There are lots of good resources on the internet and several great videos to show and explain better the concepts and actual application.  Below I have listed a few:

Here is a Youtube that is a good and simple introduction

This one explains more how it saves water

This page is tremendous!  It show tons of good photos and different methods in action and also tells best and worst types of wood to use.

For a while now we have wanted a more defined entryway to the nursery and orchard.  We have watched the lay of the land and the usage patterns to determine the best location.  We all agreed that we wanted something in a southwest style but not too formal.  Because the age old building style of a ramada is eco-friendly and uses sustainable resources this was our choice. The fact that since it is native wood and you require no carpentry skills to look good, never entered into our minds. It’s crookedness is what gives it the rustic charm!  Shade is always at a premium so with this covered entryway we can grow vines over it to give us some much needed respite in this type of weather.  The pergola or “ramada” is approximately 10 foot wide by 20 foot long and 9 feet high. When needed it is still big enough to get a pickup through. Hope to get it finished Saturday and post some more pictures

Russell measured and dug holes, checking the hypotenuse to be sure we were straight

Russell measured and dug holes, checking the hypotenuse to be sure we were straight

The same was done on the left side

The same was done on the left side


Tying posts together with support poles

Tying posts together with support poles

Support posts in place enough to hold things together. We will go add a few across the center portion

Support posts in place enough to hold things together. We will go add a few across the center portion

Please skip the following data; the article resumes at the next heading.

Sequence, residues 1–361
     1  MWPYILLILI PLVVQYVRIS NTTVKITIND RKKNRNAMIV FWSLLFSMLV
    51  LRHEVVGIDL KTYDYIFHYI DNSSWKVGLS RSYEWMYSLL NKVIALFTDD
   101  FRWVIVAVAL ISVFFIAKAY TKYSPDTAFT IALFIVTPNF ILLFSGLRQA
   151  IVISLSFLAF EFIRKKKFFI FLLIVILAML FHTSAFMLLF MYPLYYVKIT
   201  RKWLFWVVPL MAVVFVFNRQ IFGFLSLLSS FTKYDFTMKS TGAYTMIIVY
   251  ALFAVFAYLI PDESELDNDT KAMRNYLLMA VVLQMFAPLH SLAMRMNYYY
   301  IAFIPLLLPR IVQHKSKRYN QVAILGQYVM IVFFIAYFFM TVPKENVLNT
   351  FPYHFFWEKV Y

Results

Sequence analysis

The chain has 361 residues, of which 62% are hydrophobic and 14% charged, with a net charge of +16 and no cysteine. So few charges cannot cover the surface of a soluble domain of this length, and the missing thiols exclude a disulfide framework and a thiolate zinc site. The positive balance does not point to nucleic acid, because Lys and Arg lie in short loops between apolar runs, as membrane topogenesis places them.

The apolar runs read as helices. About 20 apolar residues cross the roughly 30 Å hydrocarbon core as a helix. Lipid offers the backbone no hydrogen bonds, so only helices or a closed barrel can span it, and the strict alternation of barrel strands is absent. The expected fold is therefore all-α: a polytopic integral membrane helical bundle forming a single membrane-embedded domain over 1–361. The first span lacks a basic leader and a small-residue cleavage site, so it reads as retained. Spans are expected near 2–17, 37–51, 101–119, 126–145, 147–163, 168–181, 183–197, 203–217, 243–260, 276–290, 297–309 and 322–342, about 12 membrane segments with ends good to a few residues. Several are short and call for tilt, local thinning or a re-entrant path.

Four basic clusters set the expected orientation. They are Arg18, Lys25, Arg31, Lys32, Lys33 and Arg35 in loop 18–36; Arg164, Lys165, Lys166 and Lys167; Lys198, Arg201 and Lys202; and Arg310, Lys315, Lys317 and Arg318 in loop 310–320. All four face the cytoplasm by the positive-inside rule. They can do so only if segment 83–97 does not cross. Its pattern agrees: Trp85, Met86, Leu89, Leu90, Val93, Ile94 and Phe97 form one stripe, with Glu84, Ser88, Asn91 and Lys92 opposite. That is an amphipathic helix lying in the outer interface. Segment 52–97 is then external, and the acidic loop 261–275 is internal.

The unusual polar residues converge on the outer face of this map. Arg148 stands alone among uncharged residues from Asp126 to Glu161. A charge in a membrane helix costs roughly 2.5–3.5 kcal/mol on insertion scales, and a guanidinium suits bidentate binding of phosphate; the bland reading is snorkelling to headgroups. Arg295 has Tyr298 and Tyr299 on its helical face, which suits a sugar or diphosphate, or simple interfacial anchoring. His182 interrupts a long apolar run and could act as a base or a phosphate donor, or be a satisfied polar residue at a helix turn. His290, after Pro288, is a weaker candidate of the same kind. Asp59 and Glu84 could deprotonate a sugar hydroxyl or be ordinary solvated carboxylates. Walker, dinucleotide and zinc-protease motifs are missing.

Added a few latillas to check spacing.  We think every 6 inches looks about right

Added a few latillas to check spacing. We think every 6 inches looks about right

With our last post we showed some older pictures from planting pecan seed in April. Now that we  are  almost in July, they are starting to emerge.   I think its a good idea to become familiar with how a pecan seed germinates and grows in its natural environment. At left is a photo of a germinated pecan. To germinate, the seed must first imbibe enough water to swell the kernel and crack open the shell.  As the seed starts to grow, a vigorous tap root is the first structure formed. Shortly thereafter, a smaller, wiry shoot develops and grows upwards, poking through the soil surface. In nature, a new pecan seedling will invest most of it energy in growing a massive, deep tap root. Above ground, first-year pecan trees rarely grow more than  8-12 inches in height and produce only a hand full of  leaves. This growth pattern is the tree’s way of ensuring seedling survival. Between fires, floods, grazing animals and brush hogging, seedling pecan trees often lose above ground parts. By storing a massive amount of plant energy in the tap root, a pecan tree can easily replace a lost top with a new sprout.